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Capsule reviews of current area theater presentations. 

George Gershwin Alone — While there are some rough spots in this production, overall it does a masterful job of capturing the ego-driven artist in full flower. Unfortunately, this show doesn't bring us much closer to understanding the man behind those sheets of majestic music. Playwright (and star) Hershey Felder reduces Gershwin's Russian Jewish immigrant parents to stereotype walk-ons. His famed lyricist brother, Ira, is mentioned only in passing. But the pop and jazz icon's inspired ear for music comes through loud and clear. Felder looks remarkably like Gershwin, and he affects a rapid-fire delivery that probably approximates how a young Brooklynite on the make would speak. The glorious music is also handled with distinction — if a bit of a heavy hand at times — by Felder, an accomplished concert pianist. At the conclusion of the show, Felder comes out as himself and leads a sing-along with the audience, tinkling their favorite Gershwin ditties. While this exercise is chummy enough, the preference here would have been to use that time for a deeper look into what made Gershwin and his rhythms so fascinatin'. Through February 3 at the Cleveland Play House, 8500 Euclid Avenue, 216-795-7000. — Christine Howey

I Have Before Me a Remarkable Document Given to Me by a Young Lady From Rwanda — This small diamond of a play by Sonja Linden employs just two actors, but they convey a richly nuanced view of the 1994 genocide in Rwanda. Simon is a frustrated middle-aged poet who's taken a job at a London refugee center, hoping to teach recent arrivals the healing art of writing. But he is surprised when his first client, twentyish Juliette, arrives with a completed book, ready for his analysis, about the atrocities her family experienced in Rwanda. She is put off by the lack of books with Simon's name on them in his office. He admires her collection of facts, but encourages her to bring out her feelings about what happened. Director Brian Zoldessy artfully guides his actors through a series of short scenes that reveal the immense issues these characters confront, and what seems like a trite matchup of two lost individuals is rescued by Linden's refusal to bask in easy sentiments or misplaced romantic undertones. As Juliette, Andrea Belser takes time to bring meaning out of the playwright's deceptively simple words. And Scott Miller so excellently embodies mediocre writer Simon that his clammy, flop-sweat-soaked soul is almost tangible. Tyson Rand's simply designed set features a couple of boxes and vertical units in shades of gray, with hints of a London skyline and a Rwandan jungle — staging that helps convey Simon and Juliette's drab surroundings. When it's over, both Juliette and Simon realize they will never fully understand each other's lives. But their meeting is a blessing for each, as it is for the audience members who witness it. Now at Tri-C East and at various locations through February 1. Visit www.dobama.org for details, or call 216-932-3396. — Howey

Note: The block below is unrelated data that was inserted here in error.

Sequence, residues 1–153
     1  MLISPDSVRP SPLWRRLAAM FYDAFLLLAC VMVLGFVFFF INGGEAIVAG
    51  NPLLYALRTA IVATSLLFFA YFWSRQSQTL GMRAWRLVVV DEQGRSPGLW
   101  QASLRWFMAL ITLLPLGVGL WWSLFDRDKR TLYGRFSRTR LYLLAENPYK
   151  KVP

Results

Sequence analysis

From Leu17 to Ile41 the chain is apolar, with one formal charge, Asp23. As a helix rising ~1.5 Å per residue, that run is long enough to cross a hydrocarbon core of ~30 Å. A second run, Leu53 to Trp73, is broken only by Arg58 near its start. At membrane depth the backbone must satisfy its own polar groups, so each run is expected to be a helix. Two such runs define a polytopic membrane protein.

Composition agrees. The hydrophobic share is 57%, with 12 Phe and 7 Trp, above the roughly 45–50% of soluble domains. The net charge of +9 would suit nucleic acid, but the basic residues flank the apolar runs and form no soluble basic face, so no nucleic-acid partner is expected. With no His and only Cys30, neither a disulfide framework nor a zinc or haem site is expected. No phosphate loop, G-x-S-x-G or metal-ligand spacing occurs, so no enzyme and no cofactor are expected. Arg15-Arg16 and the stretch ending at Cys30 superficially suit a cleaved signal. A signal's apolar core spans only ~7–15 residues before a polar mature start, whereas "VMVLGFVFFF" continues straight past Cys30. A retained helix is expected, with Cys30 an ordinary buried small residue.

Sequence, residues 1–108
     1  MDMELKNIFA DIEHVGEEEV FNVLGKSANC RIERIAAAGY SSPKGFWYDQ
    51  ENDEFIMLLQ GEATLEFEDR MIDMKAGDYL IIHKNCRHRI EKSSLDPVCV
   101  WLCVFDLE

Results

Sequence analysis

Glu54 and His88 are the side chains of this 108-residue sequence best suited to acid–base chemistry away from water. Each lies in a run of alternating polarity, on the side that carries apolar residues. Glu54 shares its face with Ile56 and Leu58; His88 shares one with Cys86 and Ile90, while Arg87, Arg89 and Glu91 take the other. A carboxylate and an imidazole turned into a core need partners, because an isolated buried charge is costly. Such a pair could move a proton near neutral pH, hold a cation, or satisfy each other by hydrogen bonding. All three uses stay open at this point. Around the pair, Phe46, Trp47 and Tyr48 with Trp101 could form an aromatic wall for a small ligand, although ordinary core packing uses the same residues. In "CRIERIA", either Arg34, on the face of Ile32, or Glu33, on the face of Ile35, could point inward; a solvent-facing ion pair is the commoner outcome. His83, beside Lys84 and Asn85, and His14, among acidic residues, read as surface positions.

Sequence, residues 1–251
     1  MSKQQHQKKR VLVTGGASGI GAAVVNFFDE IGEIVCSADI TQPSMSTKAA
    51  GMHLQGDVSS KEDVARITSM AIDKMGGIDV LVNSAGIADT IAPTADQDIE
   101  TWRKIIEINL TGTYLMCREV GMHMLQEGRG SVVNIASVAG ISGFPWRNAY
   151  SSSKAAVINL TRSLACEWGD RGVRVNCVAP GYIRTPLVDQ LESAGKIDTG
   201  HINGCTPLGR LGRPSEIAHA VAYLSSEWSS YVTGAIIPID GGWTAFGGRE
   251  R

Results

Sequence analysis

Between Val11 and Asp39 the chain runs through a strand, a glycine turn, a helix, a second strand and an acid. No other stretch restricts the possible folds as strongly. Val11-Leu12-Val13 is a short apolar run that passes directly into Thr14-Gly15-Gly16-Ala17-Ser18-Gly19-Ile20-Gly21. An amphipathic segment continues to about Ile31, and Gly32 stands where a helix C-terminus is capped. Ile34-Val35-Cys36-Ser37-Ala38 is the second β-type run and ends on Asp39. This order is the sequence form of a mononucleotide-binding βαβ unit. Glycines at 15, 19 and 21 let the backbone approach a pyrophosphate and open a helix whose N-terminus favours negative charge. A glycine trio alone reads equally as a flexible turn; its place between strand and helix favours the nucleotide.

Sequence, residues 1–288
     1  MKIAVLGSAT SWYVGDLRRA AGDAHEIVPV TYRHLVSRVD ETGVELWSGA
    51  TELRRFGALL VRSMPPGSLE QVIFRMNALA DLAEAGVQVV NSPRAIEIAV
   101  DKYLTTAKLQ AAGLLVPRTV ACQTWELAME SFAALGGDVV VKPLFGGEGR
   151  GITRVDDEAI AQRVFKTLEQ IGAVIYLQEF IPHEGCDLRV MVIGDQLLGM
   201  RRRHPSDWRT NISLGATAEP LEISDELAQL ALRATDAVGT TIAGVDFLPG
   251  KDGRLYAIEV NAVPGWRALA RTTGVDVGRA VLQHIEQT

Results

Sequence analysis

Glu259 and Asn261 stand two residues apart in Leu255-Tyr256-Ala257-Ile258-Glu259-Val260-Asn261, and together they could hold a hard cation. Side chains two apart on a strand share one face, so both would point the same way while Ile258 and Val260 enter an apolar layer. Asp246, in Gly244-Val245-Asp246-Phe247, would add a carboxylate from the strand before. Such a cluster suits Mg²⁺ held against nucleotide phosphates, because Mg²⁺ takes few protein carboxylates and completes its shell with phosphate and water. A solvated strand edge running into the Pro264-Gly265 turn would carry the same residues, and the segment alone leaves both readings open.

Orange Flower Water — In this 95-minute one-act play, playwright Craig Wright expresses the nuts and bolts of marital confrontation better than he explores any fresh territory. The four actors initially walk out, one by one, and take their seats at the four corners of the stage, each person pointed more or less to the bed in the center. Having established the aura of a prizefight, we expect to see plenty of figurative fists fly. And so they do. Kathy (an icily cool Teresa McDonough) comes forward to sweetly share her love for hubby David. But that's pretty much the last time anyone has anything tender to say about a mate. David is soon seen groping his friend Brad's wife, Beth (Jen Klika), in a motel room. Round by round, we see each of the marriages take more and more body blows, as the unseen collateral damage to both families' children is noted in passing. Author Wright has a clever way with dialogue, and his scene structure is both good and original, but what's good isn't original and what's original isn't good. Director Sean McConaha brings strong performances out of his talented cast, especially Mark Mayo, who is both brash and wounded as David. But there are too many missed opportunities, including David's concluding monologue, which reaches for profundity but only achieves maudlin banality: "We keep hurting each other, but love still happens." Cue Céline Dion. Through February 9 at The Bang and the Clatter Theatre Company, 140 East Market Street, Akron, 330-606-5317. — Howey

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